What is the role of interferons in the treatment of infantile hemangiomas?

Updated: Feb 06, 2019
  • Author: Richard J Antaya, MD; Chief Editor: William D James, MD  more...
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Answer

Initially used as an antiviral agent in HIV-infected patients, interferon alfa was found to induce regression of Kaposi sarcoma. This led to its use in treating other vascular lesions (eg, hemangiomas). Interferon alfa inhibits endothelial cell migration and proliferation and specific growth factors (eg, endothelial growth factor, fibroblast growth factor). Studies have demonstrated the efficacy of interferon alfa-2b in treating infantile hemangiomas. [90]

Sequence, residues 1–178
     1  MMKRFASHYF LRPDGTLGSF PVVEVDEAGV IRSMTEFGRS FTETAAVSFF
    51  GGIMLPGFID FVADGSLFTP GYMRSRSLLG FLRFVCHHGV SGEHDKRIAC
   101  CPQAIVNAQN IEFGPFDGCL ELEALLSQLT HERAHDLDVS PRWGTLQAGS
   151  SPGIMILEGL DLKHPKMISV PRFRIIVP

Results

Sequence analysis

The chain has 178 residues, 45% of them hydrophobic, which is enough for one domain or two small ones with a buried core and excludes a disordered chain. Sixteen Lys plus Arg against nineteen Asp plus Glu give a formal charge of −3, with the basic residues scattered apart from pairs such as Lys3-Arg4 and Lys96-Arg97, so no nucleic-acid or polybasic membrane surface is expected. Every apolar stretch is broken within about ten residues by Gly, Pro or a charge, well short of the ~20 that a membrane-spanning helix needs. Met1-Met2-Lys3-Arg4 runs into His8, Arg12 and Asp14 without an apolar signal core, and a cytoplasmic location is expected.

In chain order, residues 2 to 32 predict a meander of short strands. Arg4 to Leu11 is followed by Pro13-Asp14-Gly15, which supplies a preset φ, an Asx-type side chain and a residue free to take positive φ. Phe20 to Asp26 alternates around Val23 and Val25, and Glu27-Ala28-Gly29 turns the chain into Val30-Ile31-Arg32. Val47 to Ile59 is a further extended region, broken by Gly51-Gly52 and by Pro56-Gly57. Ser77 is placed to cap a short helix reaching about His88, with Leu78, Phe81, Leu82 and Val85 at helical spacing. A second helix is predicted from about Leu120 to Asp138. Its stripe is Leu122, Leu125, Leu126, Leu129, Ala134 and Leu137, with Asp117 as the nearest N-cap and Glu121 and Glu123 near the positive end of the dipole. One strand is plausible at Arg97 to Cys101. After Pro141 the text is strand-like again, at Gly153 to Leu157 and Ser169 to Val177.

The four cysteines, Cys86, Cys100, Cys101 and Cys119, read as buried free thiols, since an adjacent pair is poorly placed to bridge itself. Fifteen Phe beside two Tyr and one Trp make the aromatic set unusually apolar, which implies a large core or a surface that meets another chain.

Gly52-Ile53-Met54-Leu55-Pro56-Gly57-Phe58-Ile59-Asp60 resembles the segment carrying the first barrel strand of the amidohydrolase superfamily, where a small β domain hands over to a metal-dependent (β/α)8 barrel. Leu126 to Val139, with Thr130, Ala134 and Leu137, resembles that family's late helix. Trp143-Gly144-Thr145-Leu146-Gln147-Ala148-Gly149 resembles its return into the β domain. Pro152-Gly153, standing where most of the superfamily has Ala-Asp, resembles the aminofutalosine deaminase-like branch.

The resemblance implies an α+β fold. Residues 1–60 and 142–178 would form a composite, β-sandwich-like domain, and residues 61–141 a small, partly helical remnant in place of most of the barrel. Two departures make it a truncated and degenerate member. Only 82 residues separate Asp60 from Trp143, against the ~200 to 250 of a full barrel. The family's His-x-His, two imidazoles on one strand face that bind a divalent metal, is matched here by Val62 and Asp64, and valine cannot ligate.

Because interferon alfa works by a different mechanism, it can be used in lesions that are unresponsive to steroids. [91] In fact, unlike steroids, it does not require that administration occur during the proliferation phase to be effective. The onset of action is slower than that of corticosteroids, usually requiring several weeks; this makes it less attractive for use in acute life- or sight-threatening situations. Interferon alfa should be used only if steroid, beta-blocker, and other potentially toxic therapies fail.

The most significant adverse event limiting its use in hemangiomas is potentially irreversible spastic diplegia; while most infants have displayed significant recovery of spasticity of lower extremities, it appeared permanent in other infants. [92, 93] A meta-analysis of interferon use in children revealed all cases of neurological dysfunction occurred when interferon was used prior to the patient’s first birthday. [94]


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